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United Kingdom/ 4.2 Specific policy issues and recent debates  

4.2.7 Intercultural dialogue: actors, strategies, programmes

"Intercultural" is a term that is often confused with "multicultural". By multicultural we understand that a society encourages people to practice culture(s) particular to their own heritage. Multiculturalism in itself does not necessarily promote engagement between different cultures, whereas intercultural dialogue seeks to do so. Although there is no explicit government policy to promote intercultural dialogue in the UK, it generally falls under the larger umbrella of cultural diversity, which is now a central issue to all key national and local cultural policies. A major exception to this is Northern Ireland, where there have been a number of initiatives to promote intercultural understanding between the Protestant and Catholic communities.

The Department for Culture, Media and Sport seeks to ensure that cultural diversity is considered in all its areas of activity, and looks to foster mutual understanding, nurture mutual respect and celebrate the cultural diversity of the UK. It states that "British culture is not a single entity; we should rightly speak of British cultures...Cultural diversity is all about celebrating being different, and differences between people go much deeper than race alone".

Championing cultural diversity, with the intention of promoting cultural dialogue, is one of the core ambitions of all four national Arts Councils and is integrated into their day to day work, with the aim of encouraging an environment where the arts reflect the full range and diversity of contemporary society, ensuring that everyone has access to quality arts activity. For example, the Arts Council of Northern Ireland, in association with the Community Relations Council, delivered a pilot programme for Black, Minority and Ethnic communities that tackled some of the associated characteristics of racial intolerance and marginalisation. This programme was an illustration of successfully encouraging and promoting integration and social inclusion. The promotion of cultural diversity is one of the four priorities within the newly launched Small Grants Programme. ACNI has also had representation on the Ethnic Arts Forum over the past three years, an informal consortium of arts organisations that have a common role in supporting and delivering culturally diverse arts activities in Northern Ireland.

The Equality and Human Rights Commission (which combines the roles of three former bodies - the Commission for Racial Equality, Equal Opportunities Commission and Disability Rights Commission) receives a grant from the Home Office, but works independently of government and is involved with a number of cultural projects to promote intercultural dialogue and cultural diversity. The former Commission for Racial Equality launched Young Brits at Art in 2006 - a new art competition inviting British secondary school students to draw and paint pictures which express their thoughts and feelings about their place in Britain today. Schools in areas where race hate crimes and prejudice are prevalent have been offered special art workshops exploring identity led by professional artists.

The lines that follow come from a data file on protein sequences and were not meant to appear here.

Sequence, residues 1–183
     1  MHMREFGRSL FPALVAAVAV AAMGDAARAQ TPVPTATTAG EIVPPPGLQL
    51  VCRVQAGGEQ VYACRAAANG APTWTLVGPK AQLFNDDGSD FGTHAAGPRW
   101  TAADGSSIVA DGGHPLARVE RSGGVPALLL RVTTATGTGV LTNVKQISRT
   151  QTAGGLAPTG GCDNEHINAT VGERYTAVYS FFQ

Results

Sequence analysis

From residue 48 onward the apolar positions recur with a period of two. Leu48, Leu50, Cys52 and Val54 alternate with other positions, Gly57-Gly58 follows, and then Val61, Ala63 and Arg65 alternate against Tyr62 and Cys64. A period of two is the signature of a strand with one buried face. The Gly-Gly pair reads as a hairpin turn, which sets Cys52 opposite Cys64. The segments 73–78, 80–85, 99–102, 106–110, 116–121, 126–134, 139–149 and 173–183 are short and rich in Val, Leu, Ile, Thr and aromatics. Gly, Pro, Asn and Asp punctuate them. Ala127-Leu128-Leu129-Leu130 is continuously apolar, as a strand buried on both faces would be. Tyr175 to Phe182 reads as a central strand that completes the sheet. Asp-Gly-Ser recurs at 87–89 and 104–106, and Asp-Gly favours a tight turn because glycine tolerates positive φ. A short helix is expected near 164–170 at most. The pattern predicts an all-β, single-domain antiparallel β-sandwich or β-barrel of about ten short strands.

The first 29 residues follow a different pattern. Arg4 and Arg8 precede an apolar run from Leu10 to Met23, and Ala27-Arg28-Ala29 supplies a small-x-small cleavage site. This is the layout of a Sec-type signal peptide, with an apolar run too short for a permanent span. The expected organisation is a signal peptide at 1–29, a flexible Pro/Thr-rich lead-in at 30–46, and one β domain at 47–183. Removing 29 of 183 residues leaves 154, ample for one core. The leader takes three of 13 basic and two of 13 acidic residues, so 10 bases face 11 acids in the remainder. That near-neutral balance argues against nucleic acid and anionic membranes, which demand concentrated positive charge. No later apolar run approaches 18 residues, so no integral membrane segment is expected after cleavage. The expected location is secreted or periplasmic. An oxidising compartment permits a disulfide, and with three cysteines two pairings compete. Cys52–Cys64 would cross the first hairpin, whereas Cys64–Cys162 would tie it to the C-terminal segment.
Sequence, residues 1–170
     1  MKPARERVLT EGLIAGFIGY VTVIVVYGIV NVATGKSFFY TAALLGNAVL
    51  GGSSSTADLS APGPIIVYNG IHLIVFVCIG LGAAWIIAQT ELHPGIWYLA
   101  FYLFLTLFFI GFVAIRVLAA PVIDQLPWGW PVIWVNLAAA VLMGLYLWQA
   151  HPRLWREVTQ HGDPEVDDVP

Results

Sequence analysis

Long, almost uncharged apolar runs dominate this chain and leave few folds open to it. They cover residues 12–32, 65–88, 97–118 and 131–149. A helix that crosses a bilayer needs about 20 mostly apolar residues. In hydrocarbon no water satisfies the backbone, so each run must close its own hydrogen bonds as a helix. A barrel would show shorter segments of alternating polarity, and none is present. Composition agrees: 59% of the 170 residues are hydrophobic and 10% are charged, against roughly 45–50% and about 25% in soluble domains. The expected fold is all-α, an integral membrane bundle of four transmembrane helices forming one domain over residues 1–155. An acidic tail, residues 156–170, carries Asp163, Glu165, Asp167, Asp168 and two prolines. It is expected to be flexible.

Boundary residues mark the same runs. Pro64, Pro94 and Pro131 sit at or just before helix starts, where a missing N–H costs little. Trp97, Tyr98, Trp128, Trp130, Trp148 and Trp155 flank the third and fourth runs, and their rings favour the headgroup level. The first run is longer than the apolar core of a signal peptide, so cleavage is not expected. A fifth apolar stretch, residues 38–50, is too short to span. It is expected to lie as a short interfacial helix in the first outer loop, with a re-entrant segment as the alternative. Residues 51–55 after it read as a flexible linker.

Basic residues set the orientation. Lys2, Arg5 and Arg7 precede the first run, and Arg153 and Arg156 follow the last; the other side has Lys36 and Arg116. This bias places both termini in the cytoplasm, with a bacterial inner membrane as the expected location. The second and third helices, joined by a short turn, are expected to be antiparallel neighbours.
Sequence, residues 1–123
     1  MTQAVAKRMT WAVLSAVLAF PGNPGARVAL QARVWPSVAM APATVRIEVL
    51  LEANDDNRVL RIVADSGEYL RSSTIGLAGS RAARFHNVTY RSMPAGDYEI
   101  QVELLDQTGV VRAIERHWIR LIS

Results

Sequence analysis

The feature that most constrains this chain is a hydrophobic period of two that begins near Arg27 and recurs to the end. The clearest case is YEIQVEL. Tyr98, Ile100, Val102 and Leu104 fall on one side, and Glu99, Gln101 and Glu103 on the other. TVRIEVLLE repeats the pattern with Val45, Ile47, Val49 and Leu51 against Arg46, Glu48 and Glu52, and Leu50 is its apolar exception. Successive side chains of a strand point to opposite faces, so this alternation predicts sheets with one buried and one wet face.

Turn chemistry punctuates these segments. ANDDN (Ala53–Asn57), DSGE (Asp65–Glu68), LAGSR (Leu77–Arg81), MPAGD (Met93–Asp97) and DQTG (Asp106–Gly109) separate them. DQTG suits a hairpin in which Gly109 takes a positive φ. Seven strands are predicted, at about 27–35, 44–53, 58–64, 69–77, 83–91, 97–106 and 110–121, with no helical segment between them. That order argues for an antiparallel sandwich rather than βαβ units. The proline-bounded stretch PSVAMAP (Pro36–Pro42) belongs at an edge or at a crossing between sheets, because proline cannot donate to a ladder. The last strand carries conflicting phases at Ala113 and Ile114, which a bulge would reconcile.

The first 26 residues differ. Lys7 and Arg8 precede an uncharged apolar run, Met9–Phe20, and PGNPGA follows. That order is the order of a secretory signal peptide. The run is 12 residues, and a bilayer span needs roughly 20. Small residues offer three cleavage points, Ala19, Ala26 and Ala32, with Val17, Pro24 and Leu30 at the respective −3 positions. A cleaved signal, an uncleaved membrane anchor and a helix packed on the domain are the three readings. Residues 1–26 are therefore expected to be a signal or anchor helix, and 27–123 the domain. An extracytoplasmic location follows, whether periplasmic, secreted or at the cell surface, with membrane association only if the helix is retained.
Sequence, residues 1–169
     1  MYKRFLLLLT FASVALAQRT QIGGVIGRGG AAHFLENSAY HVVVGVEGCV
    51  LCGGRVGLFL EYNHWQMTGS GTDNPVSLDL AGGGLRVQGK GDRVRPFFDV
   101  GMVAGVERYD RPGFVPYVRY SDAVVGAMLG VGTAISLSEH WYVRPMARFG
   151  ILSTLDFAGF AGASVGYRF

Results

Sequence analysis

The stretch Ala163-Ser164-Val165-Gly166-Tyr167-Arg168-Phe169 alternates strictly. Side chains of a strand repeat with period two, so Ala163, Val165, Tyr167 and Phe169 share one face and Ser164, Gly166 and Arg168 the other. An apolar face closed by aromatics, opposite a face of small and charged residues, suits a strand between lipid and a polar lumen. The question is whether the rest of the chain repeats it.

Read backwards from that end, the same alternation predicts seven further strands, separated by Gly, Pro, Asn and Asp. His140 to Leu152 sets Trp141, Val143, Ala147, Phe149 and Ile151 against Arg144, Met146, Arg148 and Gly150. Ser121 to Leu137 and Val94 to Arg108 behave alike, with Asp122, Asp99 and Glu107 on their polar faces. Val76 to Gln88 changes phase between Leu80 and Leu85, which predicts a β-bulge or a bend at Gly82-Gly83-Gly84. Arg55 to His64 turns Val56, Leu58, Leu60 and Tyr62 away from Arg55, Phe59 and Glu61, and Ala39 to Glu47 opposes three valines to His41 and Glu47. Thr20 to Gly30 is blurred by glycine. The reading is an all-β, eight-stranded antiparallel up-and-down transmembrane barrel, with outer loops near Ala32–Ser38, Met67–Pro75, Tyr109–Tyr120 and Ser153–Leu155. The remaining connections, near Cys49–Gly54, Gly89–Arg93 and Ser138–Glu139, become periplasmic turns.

The British Council has been involved in a number of initiatives to promote intercultural dialogue, especially with young people. It is committed to youth exchange, on the basis that the experience can help promote intercultural dialogue and understanding, through its Connect Youth International programme (, which provides advice, information and funding.

In Northern Ireland the "Re-imaging Communities Programme", introduced in 2006 with a GBP 3.3 million investment, aimed to provide grant-aid for the development of local community based projects with particular emphasis on the replacement of existing paramilitary murals, symbols and other offensive items with more positive imagery. This programme has sought to help all communities focus on broader expressions of civic and cultural identity and to create a more inclusive and welcoming society for everyone. There is also the EU Special Support Programme for Peace and Reconciliation in Northern Ireland, which aims to address the legacy of conflict and build upon the opportunities arising from peace (

In the UK, there are several organisations working in this field. One example is Visiting Arts, an independent charity whose purpose is to strengthen intercultural understanding through the arts by supporting artists and arts organisations promote the flow of overseas work into the UK. More information can be found at:

Additional Resources:

Government's overall approach to intercultural dialogue

Database of Good Practice on Intercultural Dialogue

Key Resources
Chapter published: 15-04-2011

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